intervention.

Create a central application server to allow wide-spread access to course specific
software: Even with each Cornell student bringing their own computer system with
them to classes, access to course software remains as an issue. The software that they
would need to use for coursework is too expensive for the university to purchase and
supply to each student, and also too expensive to force the students to individually
purchase.

Currently, the CIT and departmental labs fill this role by providing software either on a
number of systems equal to the number of licenses, or by using KeyAccess or some other
license enforcing software to restrict the number of copies of a program that can be used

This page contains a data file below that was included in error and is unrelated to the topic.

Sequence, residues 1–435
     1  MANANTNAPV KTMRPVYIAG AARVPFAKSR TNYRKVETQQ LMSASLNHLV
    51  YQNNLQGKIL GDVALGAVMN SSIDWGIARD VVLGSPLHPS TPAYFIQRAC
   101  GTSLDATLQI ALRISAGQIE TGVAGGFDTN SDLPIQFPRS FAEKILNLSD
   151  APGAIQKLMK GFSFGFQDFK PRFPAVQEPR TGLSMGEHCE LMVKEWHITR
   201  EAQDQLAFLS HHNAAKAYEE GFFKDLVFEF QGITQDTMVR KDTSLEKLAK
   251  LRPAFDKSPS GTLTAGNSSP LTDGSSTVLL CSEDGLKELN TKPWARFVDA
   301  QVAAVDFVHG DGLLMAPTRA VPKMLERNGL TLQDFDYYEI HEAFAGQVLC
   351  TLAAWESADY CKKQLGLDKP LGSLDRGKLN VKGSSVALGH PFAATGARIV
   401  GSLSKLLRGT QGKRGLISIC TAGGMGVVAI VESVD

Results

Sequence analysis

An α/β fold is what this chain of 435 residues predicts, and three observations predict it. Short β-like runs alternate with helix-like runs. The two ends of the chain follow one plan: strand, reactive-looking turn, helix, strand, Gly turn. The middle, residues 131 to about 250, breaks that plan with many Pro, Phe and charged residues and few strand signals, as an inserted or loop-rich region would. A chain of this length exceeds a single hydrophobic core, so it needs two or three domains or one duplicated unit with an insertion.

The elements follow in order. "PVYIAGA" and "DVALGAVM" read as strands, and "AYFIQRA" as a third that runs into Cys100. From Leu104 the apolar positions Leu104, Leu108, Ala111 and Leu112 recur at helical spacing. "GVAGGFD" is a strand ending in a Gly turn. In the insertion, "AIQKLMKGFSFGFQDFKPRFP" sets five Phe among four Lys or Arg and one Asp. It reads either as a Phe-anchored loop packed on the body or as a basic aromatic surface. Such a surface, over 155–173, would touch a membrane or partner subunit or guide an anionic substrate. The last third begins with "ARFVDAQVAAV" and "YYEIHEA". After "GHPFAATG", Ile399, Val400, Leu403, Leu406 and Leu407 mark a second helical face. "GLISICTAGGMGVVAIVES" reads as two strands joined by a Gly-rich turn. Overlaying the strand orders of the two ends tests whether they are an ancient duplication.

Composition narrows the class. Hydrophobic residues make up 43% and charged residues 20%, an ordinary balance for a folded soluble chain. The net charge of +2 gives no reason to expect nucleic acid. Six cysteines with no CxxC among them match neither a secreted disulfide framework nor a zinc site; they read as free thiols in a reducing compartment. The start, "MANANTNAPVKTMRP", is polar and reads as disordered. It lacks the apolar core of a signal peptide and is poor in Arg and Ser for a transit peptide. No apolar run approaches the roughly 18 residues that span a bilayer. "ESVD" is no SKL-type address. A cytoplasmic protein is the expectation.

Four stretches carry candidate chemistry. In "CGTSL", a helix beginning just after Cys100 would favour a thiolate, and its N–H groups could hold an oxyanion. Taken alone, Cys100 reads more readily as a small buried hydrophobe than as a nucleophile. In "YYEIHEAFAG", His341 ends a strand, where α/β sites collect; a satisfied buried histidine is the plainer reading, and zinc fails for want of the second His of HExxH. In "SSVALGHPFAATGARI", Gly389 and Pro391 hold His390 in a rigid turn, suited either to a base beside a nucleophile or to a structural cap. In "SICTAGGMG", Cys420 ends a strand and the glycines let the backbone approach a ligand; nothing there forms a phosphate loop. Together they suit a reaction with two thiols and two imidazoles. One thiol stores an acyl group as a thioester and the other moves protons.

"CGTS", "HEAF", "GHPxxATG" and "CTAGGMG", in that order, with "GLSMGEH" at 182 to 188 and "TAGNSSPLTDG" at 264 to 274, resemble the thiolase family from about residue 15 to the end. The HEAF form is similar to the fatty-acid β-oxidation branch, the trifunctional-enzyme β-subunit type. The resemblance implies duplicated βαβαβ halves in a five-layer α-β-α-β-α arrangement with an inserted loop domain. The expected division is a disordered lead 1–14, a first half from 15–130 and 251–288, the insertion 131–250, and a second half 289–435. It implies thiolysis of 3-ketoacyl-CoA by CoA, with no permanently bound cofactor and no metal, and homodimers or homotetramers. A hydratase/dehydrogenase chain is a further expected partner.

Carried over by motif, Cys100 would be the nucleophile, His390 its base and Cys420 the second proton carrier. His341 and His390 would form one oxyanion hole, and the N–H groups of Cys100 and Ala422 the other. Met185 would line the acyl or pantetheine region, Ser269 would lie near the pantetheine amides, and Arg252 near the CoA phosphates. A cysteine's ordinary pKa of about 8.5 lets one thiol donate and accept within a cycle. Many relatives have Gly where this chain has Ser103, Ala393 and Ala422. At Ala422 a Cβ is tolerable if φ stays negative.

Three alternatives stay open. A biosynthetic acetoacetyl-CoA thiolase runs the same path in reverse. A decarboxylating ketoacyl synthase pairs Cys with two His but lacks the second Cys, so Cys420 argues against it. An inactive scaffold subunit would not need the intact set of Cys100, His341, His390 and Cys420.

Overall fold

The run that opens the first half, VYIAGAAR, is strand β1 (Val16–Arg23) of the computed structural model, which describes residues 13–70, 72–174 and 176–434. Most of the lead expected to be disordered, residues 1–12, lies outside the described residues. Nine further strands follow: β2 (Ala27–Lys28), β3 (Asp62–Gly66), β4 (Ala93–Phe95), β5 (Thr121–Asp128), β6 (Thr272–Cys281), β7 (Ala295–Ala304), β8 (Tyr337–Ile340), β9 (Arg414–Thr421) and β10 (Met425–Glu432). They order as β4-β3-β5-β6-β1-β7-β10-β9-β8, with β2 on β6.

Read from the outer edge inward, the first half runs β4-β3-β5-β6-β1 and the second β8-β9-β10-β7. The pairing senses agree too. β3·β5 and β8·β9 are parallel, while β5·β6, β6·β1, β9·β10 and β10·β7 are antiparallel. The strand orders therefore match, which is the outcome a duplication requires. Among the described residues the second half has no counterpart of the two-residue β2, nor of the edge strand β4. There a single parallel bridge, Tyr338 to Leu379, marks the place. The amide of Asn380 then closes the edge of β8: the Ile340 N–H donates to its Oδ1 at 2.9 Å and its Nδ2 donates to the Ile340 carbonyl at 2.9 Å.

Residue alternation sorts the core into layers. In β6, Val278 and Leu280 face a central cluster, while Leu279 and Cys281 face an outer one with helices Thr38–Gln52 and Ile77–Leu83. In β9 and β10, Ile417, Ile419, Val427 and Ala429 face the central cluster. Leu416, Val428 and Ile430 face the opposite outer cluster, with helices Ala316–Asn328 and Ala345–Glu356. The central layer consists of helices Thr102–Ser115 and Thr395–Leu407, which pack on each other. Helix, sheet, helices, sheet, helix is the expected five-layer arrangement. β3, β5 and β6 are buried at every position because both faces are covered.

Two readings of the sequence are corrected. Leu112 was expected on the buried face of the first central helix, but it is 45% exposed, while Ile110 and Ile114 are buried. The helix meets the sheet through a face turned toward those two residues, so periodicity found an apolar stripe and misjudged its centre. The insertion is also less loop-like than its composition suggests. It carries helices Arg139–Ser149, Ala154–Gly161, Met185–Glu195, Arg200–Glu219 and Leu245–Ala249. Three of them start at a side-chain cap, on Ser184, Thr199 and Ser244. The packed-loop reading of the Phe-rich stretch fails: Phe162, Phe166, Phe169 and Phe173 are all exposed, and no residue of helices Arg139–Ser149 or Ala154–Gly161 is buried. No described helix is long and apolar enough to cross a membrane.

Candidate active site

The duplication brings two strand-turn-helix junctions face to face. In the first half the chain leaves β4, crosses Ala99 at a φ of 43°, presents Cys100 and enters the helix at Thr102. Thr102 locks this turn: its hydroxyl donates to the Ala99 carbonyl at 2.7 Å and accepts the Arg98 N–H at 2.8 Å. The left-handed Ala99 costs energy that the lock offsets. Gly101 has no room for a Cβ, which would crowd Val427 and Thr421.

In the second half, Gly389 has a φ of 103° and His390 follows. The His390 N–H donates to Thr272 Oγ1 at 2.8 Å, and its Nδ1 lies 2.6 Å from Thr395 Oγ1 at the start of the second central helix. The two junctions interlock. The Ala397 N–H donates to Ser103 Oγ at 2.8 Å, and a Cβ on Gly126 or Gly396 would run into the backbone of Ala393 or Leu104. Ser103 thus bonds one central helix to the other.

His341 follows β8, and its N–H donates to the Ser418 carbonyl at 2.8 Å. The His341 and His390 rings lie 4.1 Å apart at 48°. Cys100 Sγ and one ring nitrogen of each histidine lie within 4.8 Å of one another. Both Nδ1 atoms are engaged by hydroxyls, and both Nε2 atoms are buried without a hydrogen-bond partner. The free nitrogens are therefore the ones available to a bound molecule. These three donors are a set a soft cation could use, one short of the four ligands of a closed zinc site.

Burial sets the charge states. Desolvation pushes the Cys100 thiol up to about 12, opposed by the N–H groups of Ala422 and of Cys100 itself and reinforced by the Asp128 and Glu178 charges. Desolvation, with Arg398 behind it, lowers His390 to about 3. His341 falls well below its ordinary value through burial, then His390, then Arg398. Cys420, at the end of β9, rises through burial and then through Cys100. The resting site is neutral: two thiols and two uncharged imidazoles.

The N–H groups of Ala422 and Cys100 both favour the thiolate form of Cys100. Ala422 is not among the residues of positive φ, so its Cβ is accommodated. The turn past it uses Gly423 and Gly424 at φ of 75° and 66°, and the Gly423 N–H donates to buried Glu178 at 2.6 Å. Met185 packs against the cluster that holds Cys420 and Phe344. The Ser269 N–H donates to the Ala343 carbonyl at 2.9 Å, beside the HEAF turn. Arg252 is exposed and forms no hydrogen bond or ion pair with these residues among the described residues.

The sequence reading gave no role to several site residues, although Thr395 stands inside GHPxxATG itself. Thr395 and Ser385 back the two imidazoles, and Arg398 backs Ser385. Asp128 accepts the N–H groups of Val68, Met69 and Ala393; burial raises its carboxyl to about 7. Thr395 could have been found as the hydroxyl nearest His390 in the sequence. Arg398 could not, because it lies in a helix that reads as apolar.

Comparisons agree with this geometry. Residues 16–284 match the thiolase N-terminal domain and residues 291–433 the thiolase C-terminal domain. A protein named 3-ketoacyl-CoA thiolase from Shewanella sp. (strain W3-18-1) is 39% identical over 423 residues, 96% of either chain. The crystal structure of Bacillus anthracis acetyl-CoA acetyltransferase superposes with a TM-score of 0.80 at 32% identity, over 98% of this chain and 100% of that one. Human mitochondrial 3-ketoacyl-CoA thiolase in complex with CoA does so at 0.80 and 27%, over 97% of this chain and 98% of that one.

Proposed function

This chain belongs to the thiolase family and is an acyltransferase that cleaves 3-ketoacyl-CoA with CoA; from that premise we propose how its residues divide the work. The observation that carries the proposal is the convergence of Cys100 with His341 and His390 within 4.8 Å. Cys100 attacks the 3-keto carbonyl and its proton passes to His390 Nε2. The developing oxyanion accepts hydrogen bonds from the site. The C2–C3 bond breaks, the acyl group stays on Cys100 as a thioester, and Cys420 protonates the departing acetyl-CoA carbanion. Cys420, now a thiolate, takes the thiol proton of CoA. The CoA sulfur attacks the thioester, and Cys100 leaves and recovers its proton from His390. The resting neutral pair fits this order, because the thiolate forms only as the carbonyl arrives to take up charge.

simultaneously. Clearly, this model will cause students who need to access any course
software to come into the existing labs for that purpose, and once a student is forced into
the labs for any reason, that student will not be getting any value from carrying a portable
system.

In order to make course software more widely available, a secure central application
server should be installed. Since nearly all of the course software that the CIT public labs
are currently supporting is Windows based, a Citrix server or other competing solution
should be considered. In addition to making course software more available to students
on central campus, software would be available to students using other operating systems,
or in dormitory areas, or any off-campus location with a network connection. Students
with older, less-capable computers would still be able to run any server based courseware